Owning a dog slashes the risk of suffering a premature death by a third, new research reveals.
Older people who live alone are 33 per cent less likely to die over the next 12 years if they have a dog, according to a Swedish study of more than 3.4 million elderly people.
The biggest impact is in heart disease, the world's greatest killer, with owningthe world's favourite pet reducing early deaths rates by a staggering 36 per cent, the research adds.
Researchers believe canine pets also help to lower loneliness, which has been described as 'akin to a chronic long-term condition' and linked to disorders including heart disease and dementia.
As well as offering companionship and boosting non-human interactions, dogs also encourage their owners to exercise via walks, the researchers add.
Dogs may also strengthen humans' gut bacteria, according to the researchers, which has previously been linked to a stronger immune system and maintaining a healthy weight.
Researchers from Uppsala University, Sweden, analysed health records and dog ownership information from seven registries on individuals aged between 40 and 80 with no history of heart disease.
The study's participants were followed between 1 January 2001 and 31 December 2012 or until they died, if that was sooner.
In Sweden, every hospital visit is recorded in national databases where they are then made accessible to researchers after individuals are made anonymous.
Dog ownership registration has been mandatory in Sweden since 2001, enabling scientists to uncover pet ownership with any later diagnosis of heart disease or death from any cause.
Reduces premature death by 33%
Lead junior author Mwenya Mubanga said: 'A very interesting finding in our study was dog ownership was especially prominent as a protective factor in persons living alone, which is a group reported previously to be at higher risk of cardiovascular disease and death than those living in a multi-person household.
'Perhaps a dog may stand in as an important family member in the single households.
'The results showed single dog owners had a 33 percent reduction in risk of death and 11 percent reduction in risk of cardiovascular disease during follow up compared to single non owners.
'Another interesting finding was that owners to dogs from breed groups originally bred for hunting were most protected.'
Such breeds include Golden Retrievers, Irish Setters and Beagles.
The findings were published in the journal Scientific Reports.
Senior author Professor Tove Fall believes single dog owners may walk more and have increased interaction with others.
Research has long associated dog ownership with good health but this study is 100 times larger than any previous trial of its kind, he adds.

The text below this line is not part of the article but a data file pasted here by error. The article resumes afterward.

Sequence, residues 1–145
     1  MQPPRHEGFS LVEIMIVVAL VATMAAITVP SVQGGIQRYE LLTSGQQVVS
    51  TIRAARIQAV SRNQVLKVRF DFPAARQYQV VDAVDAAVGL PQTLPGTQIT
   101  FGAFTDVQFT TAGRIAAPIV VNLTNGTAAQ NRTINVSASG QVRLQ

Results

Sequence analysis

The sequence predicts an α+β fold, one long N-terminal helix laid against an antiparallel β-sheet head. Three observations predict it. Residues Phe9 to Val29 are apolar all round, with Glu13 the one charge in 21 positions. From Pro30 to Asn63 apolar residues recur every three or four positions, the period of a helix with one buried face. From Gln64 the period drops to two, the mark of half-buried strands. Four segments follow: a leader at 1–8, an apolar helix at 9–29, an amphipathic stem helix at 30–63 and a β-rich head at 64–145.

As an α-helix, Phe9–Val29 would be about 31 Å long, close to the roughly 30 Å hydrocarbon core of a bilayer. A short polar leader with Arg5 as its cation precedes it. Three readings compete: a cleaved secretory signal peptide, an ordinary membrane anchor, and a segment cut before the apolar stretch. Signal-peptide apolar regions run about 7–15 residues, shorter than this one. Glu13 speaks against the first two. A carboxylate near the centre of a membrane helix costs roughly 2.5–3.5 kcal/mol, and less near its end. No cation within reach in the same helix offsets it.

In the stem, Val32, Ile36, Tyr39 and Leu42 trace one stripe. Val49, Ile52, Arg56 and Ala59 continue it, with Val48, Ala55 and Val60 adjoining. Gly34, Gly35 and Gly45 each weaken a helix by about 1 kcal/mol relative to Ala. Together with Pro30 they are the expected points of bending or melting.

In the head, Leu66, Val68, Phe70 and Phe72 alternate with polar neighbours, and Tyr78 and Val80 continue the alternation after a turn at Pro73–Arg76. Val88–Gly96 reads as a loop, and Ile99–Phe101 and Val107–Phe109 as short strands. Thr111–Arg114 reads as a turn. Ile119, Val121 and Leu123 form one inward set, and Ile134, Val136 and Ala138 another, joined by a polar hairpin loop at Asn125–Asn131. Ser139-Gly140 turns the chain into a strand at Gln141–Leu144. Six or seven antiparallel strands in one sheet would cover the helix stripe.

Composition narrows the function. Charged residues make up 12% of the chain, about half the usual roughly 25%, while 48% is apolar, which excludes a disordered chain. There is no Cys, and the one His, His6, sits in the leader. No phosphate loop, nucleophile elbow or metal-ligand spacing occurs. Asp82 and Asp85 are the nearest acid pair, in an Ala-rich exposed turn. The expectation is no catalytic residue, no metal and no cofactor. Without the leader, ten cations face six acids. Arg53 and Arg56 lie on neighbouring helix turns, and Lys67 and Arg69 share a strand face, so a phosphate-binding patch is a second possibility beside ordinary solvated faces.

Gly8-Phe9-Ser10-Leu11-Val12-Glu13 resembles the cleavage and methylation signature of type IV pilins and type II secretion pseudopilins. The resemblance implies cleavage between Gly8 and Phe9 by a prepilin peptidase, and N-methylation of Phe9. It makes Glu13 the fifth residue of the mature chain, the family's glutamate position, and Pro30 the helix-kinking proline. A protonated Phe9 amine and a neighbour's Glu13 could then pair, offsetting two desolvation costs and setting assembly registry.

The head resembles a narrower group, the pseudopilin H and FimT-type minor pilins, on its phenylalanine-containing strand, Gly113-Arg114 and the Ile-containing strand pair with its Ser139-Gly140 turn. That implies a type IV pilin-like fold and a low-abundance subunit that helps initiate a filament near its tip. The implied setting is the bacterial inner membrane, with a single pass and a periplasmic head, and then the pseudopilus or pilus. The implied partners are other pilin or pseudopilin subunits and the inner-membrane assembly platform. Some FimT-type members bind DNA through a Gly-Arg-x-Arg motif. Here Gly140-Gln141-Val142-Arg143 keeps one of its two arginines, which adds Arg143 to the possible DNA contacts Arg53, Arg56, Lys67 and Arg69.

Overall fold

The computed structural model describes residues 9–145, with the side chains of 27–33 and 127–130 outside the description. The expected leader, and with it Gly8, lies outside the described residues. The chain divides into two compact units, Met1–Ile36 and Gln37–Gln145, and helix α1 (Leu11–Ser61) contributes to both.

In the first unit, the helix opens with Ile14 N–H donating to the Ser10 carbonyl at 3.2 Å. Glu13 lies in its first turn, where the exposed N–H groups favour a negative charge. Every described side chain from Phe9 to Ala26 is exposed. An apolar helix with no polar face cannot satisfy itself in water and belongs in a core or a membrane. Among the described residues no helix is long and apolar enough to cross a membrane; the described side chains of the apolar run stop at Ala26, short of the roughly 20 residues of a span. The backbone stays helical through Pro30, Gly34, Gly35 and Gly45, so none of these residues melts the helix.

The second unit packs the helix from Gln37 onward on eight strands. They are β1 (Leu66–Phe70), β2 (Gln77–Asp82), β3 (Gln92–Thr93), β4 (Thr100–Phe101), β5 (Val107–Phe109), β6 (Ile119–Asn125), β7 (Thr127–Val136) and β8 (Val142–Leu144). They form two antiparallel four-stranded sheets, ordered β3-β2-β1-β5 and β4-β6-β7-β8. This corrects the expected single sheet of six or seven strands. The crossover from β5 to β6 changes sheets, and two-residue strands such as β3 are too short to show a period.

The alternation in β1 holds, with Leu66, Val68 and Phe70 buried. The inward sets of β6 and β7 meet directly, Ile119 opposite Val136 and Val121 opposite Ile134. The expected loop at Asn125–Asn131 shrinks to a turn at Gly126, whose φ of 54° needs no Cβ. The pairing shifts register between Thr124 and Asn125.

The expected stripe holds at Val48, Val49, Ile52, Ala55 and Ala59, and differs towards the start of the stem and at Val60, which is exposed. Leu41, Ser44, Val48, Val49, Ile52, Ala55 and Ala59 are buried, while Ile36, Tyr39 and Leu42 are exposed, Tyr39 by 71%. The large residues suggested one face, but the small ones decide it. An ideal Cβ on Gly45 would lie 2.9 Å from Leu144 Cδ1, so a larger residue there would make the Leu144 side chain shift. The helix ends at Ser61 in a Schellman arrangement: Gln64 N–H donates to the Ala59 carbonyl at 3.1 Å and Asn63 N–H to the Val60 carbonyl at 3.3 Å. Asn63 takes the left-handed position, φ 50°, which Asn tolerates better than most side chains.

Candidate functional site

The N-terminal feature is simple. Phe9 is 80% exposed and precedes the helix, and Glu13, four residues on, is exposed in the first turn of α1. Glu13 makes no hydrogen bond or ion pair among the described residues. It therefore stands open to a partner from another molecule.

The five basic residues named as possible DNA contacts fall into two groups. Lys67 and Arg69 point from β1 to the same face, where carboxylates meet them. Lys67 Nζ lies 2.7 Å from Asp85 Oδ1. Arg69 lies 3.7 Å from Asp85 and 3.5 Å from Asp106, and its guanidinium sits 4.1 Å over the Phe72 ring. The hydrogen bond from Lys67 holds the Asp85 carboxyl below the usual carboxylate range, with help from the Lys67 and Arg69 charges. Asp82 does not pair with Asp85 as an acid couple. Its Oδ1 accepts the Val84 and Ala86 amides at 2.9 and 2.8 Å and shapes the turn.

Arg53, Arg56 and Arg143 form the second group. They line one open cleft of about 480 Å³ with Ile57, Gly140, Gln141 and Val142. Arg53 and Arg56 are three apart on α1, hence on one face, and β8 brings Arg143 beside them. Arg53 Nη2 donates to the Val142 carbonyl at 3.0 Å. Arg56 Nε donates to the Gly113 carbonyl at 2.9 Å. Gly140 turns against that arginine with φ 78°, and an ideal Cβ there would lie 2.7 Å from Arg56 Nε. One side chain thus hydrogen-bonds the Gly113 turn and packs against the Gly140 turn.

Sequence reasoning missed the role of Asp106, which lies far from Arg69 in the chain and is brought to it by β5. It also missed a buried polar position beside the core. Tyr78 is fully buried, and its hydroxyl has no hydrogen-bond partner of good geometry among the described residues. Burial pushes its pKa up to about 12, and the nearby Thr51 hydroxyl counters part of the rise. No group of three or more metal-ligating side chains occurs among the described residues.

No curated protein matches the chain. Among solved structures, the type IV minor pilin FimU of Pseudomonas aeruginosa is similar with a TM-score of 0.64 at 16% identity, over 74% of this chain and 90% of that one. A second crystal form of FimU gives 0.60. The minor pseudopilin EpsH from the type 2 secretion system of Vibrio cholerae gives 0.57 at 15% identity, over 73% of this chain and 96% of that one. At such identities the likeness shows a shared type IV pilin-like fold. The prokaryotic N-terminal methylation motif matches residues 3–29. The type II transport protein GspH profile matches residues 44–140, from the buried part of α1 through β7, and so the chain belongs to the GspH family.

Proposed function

Professor Fall said: 'We know dog owners in general have a higher level of physical activity, which could be one explanation to the observed results.
'Other explanations include an increased wellbeing and social contacts or effects of the dog on the bacterial microbiome (gut bacteria) in the owner.'
'Dogs may be beneficial in reducing cardiovascular risk by providing a non-human form of social support and increasing physical activity.
'Dog ownership has been reported to be associated with alleviation of social isolation and improved perception of wellbeing, particularly in single persons and the elderly.
She said: 'One mechanism by which dog ownership could reduce cardiovascular disease risk and mortality is by alleviating psychosocial stress factors, such as social isolation, depression and loneliness - all reportedly lower in dog owners.
'These factors have been linked to increased risk of coronary heart disease, cardiovascular death and all cause mortality.'
Loneliness is 'akin to a long-term condition'
According to the Campaign to End Loneliness, an estimated 1.1 million over 65s in the UK are chronically lonely, and are therefore more at risk of developing heart disease and dementia.
Heart disease, which includes strokes, heart attacks and circulation problems, causes more than a quarter of all deaths in the UK, including around 42,000 fatalities among people under 75.
Worldwide, heart disease is the leading cause of death, accounting for 45 per cent - or more than 4 million - of fatalities in Europe in 2016.
In October, Professor Helen Stokes-Lampard, chair of the Royal College of GPs, described social isolation and loneliness as 'akin to a chronic long-term condition' in terms of the impact on patients' health and wellbeing.
She said: 'GPs see patients, many of whom are widowed, who have multiple health problems like diabetes, hypertension and depression, but often their main problem isn't medical - they are lonely.'
Research has shown lonely people have a 50 per cent higher risk of early death compared to those with good social links, making loneliness as deadly as obesity or smoking 15 cigarettes a day.